Two sides of Little Vietnam in Singapore
Vietnamese signboards have been springing up on Joo Chiat Road. There is a small stretch here that’s fast becoming known as Little Vietnam. A rather red-lit Little Vietnam.
It’s slightly jarring and incongruous in more ways than one. Joo Chiat Road sits in the quiet Peranakan enclave of Katong. It’s a narrow street lined with stately double-story heritage shophouses from the pre-war era. There are old businesses still surviving from the 1960s. Culturally, it’s rich and steeped in Eurasian and Peranakan history.
In the daytime, this is a sleepy road without much vehicular or human traffic.
But as evening draws near, the area sheds its innocent cultural charm, and puts on its painted face.
Neon-lit karaoke bars come to life, many of which are thinly veiled girlie bars where men pay outrageously inflated prices for drinks in the company of hostesses. These girls are commonly from Vietnam. The bars spew inebriated customers with chatty girls on their arms. Other bar girls flit in and out, instantly recognizable from their garish makeup, dramatic hairdos and those skimpy, skintight and sequined outfits. Most of them are young, lithe and petite. Some look bold and haughty, others dejected and sully. The smart ones quickly learn Mandarin or a Chinese dialect or two. It helps in getting customers.
Joo Chiat Road is also a foodie haven, but many restaurants come and go all too quickly. However the Vietnamese ones are flourishing. There are currently five to six Vietnamese eateries offering comfort food to the homesick girls. Bowls of pho (beef noodle soup), goi cuon (fresh spring rolls), cha gio (fried rolls with mince filling) are staples at all these places, as are various “bun” (rice noodle) dishes. Bo luc lac (wok-seared beef), com chien duong chau (fried rice), bo bit tet (steak), com suon cha trung (pork chops with steamed egg) and canh ga chien nuoc mam (crispy chicken wings with fish sauce) make up other selections.
Sentimental Vietnamese pop blares out of cheap speakers in these no-frills eateries. They thrive on the patronage of men who want a quick bite before heading to the short-time hotels with their ladies of choice. Ambience isn’t important. Everyone sits on plastic chairs and enjoys their nosh in harsh florescent lighting. Some of the women sit cross-legged on those chairs, giving away their foreign origin.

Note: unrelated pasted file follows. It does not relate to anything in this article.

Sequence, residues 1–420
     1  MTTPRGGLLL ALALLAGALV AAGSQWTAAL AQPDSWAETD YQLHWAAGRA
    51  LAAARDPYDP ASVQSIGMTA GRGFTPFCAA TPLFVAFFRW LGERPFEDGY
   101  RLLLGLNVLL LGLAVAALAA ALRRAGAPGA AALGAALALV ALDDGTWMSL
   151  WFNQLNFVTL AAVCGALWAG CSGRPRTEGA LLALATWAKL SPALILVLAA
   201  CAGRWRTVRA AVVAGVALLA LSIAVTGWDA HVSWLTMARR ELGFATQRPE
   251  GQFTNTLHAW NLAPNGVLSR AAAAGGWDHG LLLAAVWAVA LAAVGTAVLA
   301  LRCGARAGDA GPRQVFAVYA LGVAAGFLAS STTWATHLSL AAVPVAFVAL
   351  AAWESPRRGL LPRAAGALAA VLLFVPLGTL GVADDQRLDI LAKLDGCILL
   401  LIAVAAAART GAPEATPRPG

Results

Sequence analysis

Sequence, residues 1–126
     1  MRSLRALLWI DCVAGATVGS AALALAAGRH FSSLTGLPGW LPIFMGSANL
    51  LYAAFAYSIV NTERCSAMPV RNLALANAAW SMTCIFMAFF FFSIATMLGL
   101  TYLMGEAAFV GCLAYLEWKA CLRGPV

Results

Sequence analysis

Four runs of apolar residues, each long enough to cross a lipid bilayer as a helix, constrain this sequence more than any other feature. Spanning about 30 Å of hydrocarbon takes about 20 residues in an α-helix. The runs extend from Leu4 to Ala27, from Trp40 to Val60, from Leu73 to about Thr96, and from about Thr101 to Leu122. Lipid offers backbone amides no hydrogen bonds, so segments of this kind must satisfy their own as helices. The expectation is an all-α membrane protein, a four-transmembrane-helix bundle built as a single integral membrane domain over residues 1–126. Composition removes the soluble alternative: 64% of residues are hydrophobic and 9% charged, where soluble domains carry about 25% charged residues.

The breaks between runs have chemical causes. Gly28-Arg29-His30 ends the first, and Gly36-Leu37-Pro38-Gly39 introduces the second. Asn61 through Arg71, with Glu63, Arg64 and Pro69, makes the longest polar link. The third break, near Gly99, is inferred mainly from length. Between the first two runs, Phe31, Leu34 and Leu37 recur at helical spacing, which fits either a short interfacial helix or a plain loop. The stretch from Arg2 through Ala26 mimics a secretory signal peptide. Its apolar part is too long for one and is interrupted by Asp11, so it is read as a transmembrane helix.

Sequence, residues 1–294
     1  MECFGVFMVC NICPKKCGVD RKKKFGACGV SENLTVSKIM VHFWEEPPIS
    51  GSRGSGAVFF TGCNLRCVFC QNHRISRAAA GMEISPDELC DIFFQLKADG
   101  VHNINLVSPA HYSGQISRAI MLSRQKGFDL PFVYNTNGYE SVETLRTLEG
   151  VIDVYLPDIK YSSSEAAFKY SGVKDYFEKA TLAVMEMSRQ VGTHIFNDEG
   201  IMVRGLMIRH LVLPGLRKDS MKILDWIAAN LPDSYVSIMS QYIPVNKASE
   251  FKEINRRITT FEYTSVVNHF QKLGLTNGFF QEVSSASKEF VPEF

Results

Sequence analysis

There are gangs operating in the area. There are rumors of gambling dens. Foreign workers, mostly manual labourers, also prowl the streets in hope of snaring a good time. Drunken brawls are common, but mostly harmless. A broken bottle or two, a random puddle of vomit but generally no loss of life or limb.
In the midst of all this ribaldry stands a mosque nearly a century old. Masjid Khalid (130 Joo Chiat Road) stands solemnly as a place of worship for Muslims, particularly the Indian Muslims. It must have been a different scene when it was built in 1917.
Something else also sits uncomfortably here. Joo Chiat is a middle-class residential district, and there are several schools in the vicinity. People live right above tackily named karaoke bars.
In 2006, frustrated residents banded together to clean up the area. It got some media attention, and some massage parlors were closed down. The government shortened the bars’ closing time from 3 a.m. to 1 a.m., and the grassroots community put up a small square for family activities. But the sleaze continues.
How and why the Vietnamese women came to work here in the vice industry, we may never know.
Prostitution is legal in Singapore, so some of these women may actually hold work permits. But there are those who subsist by perpetually renewing social visit passes. While many of these work in the sex trade by choice, there are others who have been lured here by promises of dream jobs, and are forced into it.
In fact, the United States added Singapore in June 2010 onto a watch list for human trafficking, accusing the island state of failing to prevent women from being forced into prostitution. Singapore responded with indignance, and maintains that the report is more of “a political ritual than an objective study.”
And unless the government seeks to root out the seedy side of things with the same relentlessness as it does with drugs, it looks like Little Vietnam is here to stay.
Vietnamese eateries worth trying
Phuc Vu Cac Mon An Viet Nam, Vietnamese Favourites; a stall within Eastern Wind Foodhouse at 82 Joo Chiat Road
Quynh Giao Quan An Viet Nam, Vietnamese Delights at 149 Joo Chiat Road
Long Phung Quan An Viet Nam at 159 Joo Chiat Road
Trang Tiem An Vietnam, Vietnamese Favourites at 169 Joo Chiat Road
Quan An Vietnam; Vietnam Eatery at 233 Joo Chiat Road